From: COLUMBIA UNIVERSITY'S MAILMAN SCHOOL OF PUBLIC HEALTH
Scientists report new details into the link between epilepsy and suicidal behavior, finding suicide attempts--whether a first attempt or a recurrent attempt--are associated with new onset epilepsy in the absence of antiepileptic drug prescriptions and a diagnosis of psychiatric disorder, further strengthening the evidence that there is an underlying commonality. The researchers at Columbia University's Mailman School of Public Health and Columbia University Medical Center and are the first to report these associations. Findings are published online in JAMA Psychiatry.
The study, led by Dale Hesdorffer, PhD, professor of Epidemiology, compared the risk for a first suicide attempt in 14,059 patients who later developed epilepsy to 56,184 age and gender matched controls. For patients who later had onset of epilepsy there was a 2.4-fold increased risk for a first suicide attempt in the time period up to and including the diagnosis of epilepsy. The risk for a recurrent suicide attempt was compared in 278 first suicide attempts in people who later developed epilepsy versus 434 first suicide attempts in controls. The risk for a recurrent suicide attempt increased nearly two-fold up to and including the diagnosis of epilepsy compared to controls. The increased risk persisted in the presence and the absence of diagnosed psychiatric disorders and when excluding patients prescribed antiepileptic drugs.
"Our findings are consistent with the hypothesis of a common underlying susceptibility to both suicide attempt and epilepsy that is not mediated by psychiatric disorders or by antiepileptic drugs," said Dr. Hesdorffer, who is also professor of Epidemiology in the Sergievsky Center.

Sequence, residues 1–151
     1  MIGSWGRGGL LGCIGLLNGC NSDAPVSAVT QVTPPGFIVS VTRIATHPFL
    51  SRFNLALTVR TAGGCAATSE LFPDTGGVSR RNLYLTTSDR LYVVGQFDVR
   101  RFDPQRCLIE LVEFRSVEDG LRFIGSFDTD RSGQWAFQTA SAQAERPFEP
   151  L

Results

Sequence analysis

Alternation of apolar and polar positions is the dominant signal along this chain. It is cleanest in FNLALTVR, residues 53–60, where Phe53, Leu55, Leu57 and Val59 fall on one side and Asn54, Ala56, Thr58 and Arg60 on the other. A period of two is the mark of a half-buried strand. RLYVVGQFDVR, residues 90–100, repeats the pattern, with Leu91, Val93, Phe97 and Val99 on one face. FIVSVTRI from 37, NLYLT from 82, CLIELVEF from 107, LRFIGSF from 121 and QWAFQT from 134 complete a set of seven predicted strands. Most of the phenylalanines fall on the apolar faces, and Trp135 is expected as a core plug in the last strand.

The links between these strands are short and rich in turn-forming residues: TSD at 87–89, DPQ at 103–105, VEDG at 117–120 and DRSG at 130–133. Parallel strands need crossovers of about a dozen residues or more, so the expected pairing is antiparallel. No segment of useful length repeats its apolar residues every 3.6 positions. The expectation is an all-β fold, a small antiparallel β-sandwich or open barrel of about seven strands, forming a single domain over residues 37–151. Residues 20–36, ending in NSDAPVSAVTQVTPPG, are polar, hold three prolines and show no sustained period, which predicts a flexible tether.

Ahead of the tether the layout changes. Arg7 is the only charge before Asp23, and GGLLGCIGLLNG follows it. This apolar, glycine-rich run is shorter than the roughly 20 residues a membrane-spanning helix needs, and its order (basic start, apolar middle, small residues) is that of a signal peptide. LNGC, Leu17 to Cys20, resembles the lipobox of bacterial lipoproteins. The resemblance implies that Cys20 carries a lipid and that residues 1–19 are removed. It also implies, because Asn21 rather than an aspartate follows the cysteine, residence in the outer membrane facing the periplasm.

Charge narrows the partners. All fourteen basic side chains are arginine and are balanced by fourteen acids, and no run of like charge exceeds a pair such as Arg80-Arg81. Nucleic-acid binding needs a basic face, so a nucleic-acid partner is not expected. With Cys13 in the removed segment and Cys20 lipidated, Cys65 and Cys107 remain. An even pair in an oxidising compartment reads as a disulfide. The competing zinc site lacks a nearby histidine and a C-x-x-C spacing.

Using the United Kingdom Clinical Practice Research Datalink (CPRD), Dr. Hesdorffer and scientists at GlaxoSmithKline compared the risk for a first and a recurrent suicide attempt in cases that later developed epilepsy with the corresponding risks in the control group. The data include detailed information on diagnoses, drug prescriptions, and basic demographic information from a sample of approximately 13 million people throughout the UK from 1987 through 2013. Codes from the database were used to identify the psychiatric disorders previously found to be associated with epilepsy, including major depression, anxiety, and psychosis, bipolar disorder, and substance abuse and dependence for alcohol and drugs before entry in the datalink and during participation. Approximately 5.5 million people are actively followed on the database, which is representative of the distribution of age, sex and geographic regions of the country.
The researchers studied patients between the ages of 10 and 60 with new onset of epilepsy if they had at least one epilepsy code recorded in the dataset between 1988 and 2013 and at least two antiepileptic drug prescriptions listed from the month before to six months after epilepsy diagnosis, to confirm the epilepsy diagnosis. Exclusion of antiepileptic drugs prescribed before the diagnosis did not meaningfully alter the findings, nor did separate analyses of patients with and without diagnosed psychiatric disorders.